The distinction as an open access publication is important. Currently four multinational corporations own and distribute the majority of scientific and academic papers published. Unless you are lucky enough to be a member of a hospital or university with a subscription to an online journal database accessing any academic research can be a costly exercise. For many developing nations the costs associated with subscription are simply beyond reach. Thankfully the movement toward open access journal databases is gaining momentum. The Public Library of Science (PLoS) publishes over 100 journals free of charge and making the "new and improved" Health and Human Rights Journal readily accessible is another step in the right direction.

To be honest I found the notion of preaching about free and ready access to academic journals and academia in general to a group of people who attend one of, arguably, the most exclusive and expensive universities in the world slightly ironic. But the general feeling in the room was of empowerment and momentum toward dissolving barriers to information and improving human rights around the world.

It was also an honour to hear Dr Paul Farmer speak. If anyone is still confused about "what public health is all about" and what the hell I'm doing over in the states, I urge you to read Tracy Kidder's book Mountains Beyond Mountains. It is a biography of Dr Paul Farmer and his organisation Partners in Health. Admittedly he (Paul Farmer) is a slightly fanatical genius, and I do not hope, nor want to copy his life in any way. But he is inspiring, and his life mission is what Public Health is all about - the notion of delivering first rate health care to all.


Harvard Happenings - A Public Health Moment from MA

Not much to say this week.  I am awash with the first lot of assignments.  School is officially keeping me out of mischief.  But I have been collecting interesting Public Health messages from the state of Massachusetts.  This one found on the wall outside the fire department.


Harvard Happenings

After some thought, and a small amount of consultation, I have decided to change Tuesday Travel Tips into Harvard Happenings.  The post is a work in progress, but in it I'll aim to give you a small taste of the wonderful array of seminars, meetings and events that I get exposed to everyday at the school of Public Health.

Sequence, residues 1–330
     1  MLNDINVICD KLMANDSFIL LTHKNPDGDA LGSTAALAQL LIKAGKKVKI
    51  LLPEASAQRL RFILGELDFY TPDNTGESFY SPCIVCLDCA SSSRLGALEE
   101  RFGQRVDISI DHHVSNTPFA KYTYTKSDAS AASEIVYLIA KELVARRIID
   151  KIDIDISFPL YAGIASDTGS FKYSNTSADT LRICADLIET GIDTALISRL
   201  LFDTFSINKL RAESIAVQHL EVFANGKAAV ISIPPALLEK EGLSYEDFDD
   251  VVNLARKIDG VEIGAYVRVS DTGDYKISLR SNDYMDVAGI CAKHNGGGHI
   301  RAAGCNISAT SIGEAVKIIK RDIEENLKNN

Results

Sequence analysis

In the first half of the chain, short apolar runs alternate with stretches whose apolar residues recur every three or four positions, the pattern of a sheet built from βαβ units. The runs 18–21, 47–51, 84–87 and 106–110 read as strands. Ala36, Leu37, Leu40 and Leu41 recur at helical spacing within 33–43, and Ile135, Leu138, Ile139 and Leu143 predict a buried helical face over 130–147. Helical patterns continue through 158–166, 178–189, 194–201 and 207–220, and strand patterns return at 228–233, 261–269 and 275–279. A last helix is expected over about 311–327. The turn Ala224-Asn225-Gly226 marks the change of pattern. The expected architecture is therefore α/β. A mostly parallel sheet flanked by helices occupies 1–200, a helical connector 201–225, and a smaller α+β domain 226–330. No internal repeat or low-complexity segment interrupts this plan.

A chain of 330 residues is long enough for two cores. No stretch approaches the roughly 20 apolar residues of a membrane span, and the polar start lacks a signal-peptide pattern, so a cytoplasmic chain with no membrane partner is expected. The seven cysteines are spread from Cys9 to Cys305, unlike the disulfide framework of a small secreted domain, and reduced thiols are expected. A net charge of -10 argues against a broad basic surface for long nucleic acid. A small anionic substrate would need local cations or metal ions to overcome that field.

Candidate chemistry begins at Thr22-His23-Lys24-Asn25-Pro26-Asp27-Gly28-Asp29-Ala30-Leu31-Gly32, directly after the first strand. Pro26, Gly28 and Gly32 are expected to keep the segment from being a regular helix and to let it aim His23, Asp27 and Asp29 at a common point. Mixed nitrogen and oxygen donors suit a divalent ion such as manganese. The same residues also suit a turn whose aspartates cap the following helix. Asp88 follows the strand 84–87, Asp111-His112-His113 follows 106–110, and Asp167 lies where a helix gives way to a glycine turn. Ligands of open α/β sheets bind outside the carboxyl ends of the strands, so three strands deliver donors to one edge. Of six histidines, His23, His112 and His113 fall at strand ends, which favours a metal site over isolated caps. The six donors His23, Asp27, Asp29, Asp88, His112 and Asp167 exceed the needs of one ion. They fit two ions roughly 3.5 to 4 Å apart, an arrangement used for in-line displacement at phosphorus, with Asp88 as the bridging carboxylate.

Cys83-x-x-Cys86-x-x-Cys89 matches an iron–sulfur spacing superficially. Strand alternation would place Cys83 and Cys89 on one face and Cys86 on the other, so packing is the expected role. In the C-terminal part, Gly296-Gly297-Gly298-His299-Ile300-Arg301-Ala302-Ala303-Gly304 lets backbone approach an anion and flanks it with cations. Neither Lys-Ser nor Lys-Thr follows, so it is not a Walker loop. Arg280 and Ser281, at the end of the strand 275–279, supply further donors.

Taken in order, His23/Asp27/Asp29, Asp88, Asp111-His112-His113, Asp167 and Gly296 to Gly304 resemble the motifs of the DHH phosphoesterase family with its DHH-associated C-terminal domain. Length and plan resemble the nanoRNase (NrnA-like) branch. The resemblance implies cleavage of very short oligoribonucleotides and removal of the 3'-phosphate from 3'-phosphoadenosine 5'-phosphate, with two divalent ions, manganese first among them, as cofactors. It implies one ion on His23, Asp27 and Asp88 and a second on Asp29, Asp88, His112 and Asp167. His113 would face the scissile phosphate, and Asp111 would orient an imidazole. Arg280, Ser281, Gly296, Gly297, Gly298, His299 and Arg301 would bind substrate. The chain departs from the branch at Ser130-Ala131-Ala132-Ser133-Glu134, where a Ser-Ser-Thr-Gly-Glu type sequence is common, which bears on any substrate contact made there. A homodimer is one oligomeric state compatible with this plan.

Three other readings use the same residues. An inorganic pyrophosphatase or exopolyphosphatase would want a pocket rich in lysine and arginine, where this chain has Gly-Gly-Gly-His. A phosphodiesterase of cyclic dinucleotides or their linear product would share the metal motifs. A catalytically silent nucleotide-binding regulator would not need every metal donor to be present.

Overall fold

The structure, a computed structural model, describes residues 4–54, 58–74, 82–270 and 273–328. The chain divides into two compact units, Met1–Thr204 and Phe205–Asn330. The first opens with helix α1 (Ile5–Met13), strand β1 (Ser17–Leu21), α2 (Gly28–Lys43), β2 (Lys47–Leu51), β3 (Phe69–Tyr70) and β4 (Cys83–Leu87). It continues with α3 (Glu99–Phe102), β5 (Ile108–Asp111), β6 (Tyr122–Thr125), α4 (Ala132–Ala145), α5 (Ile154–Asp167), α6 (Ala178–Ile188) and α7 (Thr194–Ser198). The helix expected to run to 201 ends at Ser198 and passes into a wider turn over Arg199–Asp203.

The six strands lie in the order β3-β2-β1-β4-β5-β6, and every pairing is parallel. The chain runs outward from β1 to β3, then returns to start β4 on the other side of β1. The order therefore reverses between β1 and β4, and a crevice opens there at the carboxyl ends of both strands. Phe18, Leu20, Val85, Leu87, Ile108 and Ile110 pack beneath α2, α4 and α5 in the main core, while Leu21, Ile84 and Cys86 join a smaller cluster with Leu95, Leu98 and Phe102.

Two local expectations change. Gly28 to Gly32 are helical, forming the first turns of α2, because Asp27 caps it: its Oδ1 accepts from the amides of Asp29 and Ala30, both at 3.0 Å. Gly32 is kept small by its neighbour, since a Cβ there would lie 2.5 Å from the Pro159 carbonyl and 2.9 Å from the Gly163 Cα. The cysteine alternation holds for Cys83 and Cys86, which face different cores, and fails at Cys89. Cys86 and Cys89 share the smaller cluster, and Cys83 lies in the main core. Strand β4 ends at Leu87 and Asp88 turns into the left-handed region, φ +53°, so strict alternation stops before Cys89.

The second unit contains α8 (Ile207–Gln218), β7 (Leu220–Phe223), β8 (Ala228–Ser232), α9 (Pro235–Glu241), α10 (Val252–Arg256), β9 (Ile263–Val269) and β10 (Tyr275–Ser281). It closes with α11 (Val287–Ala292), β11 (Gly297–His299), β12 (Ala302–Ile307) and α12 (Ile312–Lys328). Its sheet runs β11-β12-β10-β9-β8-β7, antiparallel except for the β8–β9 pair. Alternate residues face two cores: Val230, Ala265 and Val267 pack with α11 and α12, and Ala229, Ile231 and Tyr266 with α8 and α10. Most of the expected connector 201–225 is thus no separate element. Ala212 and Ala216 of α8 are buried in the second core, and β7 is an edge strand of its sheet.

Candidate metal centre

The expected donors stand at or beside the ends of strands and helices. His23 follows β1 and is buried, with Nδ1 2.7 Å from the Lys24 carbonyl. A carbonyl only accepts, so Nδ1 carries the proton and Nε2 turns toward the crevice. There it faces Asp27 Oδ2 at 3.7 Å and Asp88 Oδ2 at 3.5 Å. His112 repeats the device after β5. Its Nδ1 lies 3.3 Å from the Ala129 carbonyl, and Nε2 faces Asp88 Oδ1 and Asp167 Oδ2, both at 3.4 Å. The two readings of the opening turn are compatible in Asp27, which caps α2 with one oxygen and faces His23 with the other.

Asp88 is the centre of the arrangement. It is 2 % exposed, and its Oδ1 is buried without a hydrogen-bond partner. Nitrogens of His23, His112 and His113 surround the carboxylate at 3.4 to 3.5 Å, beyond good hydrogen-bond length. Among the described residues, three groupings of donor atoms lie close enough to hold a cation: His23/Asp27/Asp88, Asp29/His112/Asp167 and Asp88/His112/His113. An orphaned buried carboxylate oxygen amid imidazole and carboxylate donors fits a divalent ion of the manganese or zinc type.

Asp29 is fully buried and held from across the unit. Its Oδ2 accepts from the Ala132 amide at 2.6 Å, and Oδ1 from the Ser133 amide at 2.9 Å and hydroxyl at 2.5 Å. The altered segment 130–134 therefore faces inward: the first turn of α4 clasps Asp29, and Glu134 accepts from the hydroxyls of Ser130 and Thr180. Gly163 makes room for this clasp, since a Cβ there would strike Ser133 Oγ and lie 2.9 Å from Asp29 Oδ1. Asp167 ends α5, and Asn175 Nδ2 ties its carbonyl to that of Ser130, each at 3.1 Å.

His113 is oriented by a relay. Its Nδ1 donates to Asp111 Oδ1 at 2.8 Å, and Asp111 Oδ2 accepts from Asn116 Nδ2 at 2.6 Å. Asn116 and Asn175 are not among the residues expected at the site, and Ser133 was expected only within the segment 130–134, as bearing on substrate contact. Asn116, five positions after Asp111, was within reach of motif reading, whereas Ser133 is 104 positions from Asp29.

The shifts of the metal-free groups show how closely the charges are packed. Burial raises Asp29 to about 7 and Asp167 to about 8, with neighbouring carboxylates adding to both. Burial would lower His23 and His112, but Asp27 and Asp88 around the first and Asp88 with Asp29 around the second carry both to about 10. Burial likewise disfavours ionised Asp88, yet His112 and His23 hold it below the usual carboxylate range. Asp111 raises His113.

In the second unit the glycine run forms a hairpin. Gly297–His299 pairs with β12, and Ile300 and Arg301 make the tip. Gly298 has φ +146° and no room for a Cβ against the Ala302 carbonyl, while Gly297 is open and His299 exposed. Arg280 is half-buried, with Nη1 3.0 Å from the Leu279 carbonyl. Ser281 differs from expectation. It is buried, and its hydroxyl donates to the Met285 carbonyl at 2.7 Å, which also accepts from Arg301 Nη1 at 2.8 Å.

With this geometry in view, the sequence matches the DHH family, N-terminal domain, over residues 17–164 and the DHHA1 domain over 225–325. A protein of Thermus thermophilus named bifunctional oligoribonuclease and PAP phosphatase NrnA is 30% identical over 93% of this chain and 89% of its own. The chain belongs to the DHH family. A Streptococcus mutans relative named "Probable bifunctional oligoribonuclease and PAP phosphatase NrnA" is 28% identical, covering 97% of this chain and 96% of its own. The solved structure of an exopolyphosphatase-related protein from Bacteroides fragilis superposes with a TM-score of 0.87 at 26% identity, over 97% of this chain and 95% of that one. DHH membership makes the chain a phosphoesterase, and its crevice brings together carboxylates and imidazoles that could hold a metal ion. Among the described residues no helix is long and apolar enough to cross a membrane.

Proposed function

I thought I'd start it off with a look back at last week.  2008 is a big year for the Harvard School of Public Health.  Dean Barry Bloom (left), who has lead the school for 10 years is standing down at the end of December.  Come January, our new Dean will be Julio Frenk.  Julio Frenk was relatively unknown to me prior to starting at Harvard, but he is something of a legend in america and on the public health circuit.  He served as the Minister for Health in Mexico from 2000 to 2006 where he helped to set-up and implement Oportunidades, one of the most successful
programs to target poverty, health outcomes and educational achievement concurrently.  He has also served on the WHO and is currently a senior fellow with the Bill and Melinda Gates Foundation.  Anyway, last week Julio Frenk was officially welcomed into the Harvard Public Health School community with wine, cheese and plenty of speeches.  Julio Frenk gave a wonderful inaugural speech full of optimism and wit, with a whispering of exciting things to come during his deanery.  

For my small part, I would also like to say 'welcome Julio Frenk' - I'm excited to hear more from you!


This week I'm eating...

Autumn is here, although is doesn't really feel like it today with Tropical Storm Hana causing humidity to go up to 80%. But the produce in the Farmers Markets are beginning to take on a more Autumnal feel. There's still plenty of tomatoes, this week I'm trying the cherry tomato mix (foreground).
I'll also be eating:
  • green and white beans
  • corriander
  • orange capsicum
  • what must be the very last of the nectarines
  • McIntosh and Royal Gala apples
  • French Breakfast Radishes
  • and lastly a delicious Sourdough bread
Tomorrow I'm off to a "pot-luck" brunch before our official welcome at the Harvard Faculty Club. I'm going to take a wonderful Cous Cous Salad I found on one of my favourite food blogs, Mostly Eating


Tuesday Travel Tips... Cambridge to Longwood

Having settled in Boston I'm struggling a little to come up with Tuesday Travel Tips.  I'm in the hunt for a new regular weekly post.  Any suggestions?

Anyway, this week I thought I'd wax lyrical about my route to school.  I live in Cambridge, the main hub of Harvard.  It's where most of the schools are situated, the undergrad campus is here and not surprisingly, it has quite a good buzz to it.  Unfortunately the Public Health School isn't here.  It's over in the Longwood Medical Area, a 20 minute bus ride across town.  Every morning I get the M2 Shuttle, a great free service the university offers to get people quickly and easily between Longwood and Cambridge.  Like the tube in London, people LOVE to complain about the service - "it's too slow", "it gets stuck in traffic", "the drivers are terrible".  But I love it.  I love the 40 minutes each day I get to read.  I love eves-dropping and looking at what other people are reading and I love creating stories about who they are and what they do.  Mostly I love the fact that it's someone else and not me driving in Boston!


Tuesday Travel Tips... Computer leads, Cords and Chargers

When I first travelled in 2001 I didn't even take a mobile: my camera had an LCD battery.  Now I travel with (in no particular order)
  • Computer charger
  • Camera battery charger
  • Camera USB cord
  • SLR Camera charger
  • Adapters for USA, England and Europe
  • Back-up drive
  • Phone charger
  • Phone USB Cord
  • iPod Charger
  • iPod USB Cord
  • iPod
  • SLR Camera
  • Point and Shoot Digital Camera
  • Phone
  • Computer
I am amazed how quickly we have managed to complicate our own lives with cords, attachments and plug-ins.  I would award a Nobel Peace Prize to the person who facilitates universal electricity sockets and a universal battery charger.  Music to my ears!


Farmers Markets